A reasonable understanding of statistics­ is also highly sought after. Organisations are turning to data-driven decision making, so a sound knowledge of statistics and statistical techniques ensures that data scientists can understand or interpret the data effectively. Like most technical skills, statistical skills need to be practiced and strengthened, potentially through upskilling programs, bootcamps and short-courses. A strong statistical knowledge helps data scientists better understand the data they are working with, and in turn results in a better analysis and better outcomes for their organisation.

 

  1. Soft Skills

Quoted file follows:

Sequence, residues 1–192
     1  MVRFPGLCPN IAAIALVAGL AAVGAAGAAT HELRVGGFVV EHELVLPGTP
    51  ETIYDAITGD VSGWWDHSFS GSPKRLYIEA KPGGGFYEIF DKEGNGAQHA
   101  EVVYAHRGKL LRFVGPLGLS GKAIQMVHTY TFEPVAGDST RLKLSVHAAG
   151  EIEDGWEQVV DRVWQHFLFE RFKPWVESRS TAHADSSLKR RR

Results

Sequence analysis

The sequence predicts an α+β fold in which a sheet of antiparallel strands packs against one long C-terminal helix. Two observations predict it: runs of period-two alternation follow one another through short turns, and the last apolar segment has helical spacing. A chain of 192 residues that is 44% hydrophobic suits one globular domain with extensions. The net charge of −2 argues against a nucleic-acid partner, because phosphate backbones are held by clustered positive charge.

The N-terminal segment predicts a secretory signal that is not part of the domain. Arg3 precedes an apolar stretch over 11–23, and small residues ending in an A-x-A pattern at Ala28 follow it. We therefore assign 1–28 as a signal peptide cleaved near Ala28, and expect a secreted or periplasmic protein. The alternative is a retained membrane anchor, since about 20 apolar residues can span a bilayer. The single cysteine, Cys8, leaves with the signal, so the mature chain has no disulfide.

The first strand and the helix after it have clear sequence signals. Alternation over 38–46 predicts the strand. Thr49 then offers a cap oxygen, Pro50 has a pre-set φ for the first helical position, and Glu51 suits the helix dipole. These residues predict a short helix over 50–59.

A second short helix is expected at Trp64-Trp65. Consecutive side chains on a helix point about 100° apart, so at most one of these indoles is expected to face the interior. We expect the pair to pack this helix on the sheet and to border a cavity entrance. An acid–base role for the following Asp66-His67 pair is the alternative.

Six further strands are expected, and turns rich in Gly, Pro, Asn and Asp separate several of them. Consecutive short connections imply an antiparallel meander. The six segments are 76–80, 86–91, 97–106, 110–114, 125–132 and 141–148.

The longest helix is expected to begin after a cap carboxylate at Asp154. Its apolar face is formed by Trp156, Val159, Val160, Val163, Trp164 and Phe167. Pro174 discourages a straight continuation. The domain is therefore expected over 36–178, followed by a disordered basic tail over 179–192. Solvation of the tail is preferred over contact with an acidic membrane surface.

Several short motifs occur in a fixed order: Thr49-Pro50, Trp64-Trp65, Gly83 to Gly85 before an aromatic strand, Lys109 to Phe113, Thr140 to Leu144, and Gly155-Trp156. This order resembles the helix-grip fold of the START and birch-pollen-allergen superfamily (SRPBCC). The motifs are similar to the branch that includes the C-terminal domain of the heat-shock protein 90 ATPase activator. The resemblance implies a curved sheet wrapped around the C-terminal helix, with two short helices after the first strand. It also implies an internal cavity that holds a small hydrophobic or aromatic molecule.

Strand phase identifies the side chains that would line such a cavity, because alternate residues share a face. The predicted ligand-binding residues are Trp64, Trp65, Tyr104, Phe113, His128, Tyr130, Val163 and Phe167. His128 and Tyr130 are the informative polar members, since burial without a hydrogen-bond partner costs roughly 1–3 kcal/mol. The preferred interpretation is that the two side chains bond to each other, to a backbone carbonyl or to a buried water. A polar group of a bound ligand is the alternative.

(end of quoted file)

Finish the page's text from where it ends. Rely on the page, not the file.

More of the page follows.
With the importance of technical skills taking a front row seat, it’s easy for the development of our soft skills to get pushed aside, particularly in a computer science oriented discipline. Soft skills include those skills that we need to interact with colleagues and stakeholders, and overcome problems and challenges. Communication, teamwork, time management, creativity, and adaptability are just a few of the soft skills that employers prioritise. Why? Because they make you more successful in the workplace. An internal study by Google, that analysed their teams’ characteristics of success, found that the most important and productive new ideas didn’t come from their top scientists. Instead, their highest performing teams comprised of employees who brought strong soft skills to the table. One organisation interviewed as part of our Data science in WA report, who had a number of entry-level data scientists, planned to focus “Less on the technical and analytical side, more on domain knowledge and communication skills”. They highlighted that most of their data scientists were straight from university and often lacked the soft skills needed to be successful within their organisation.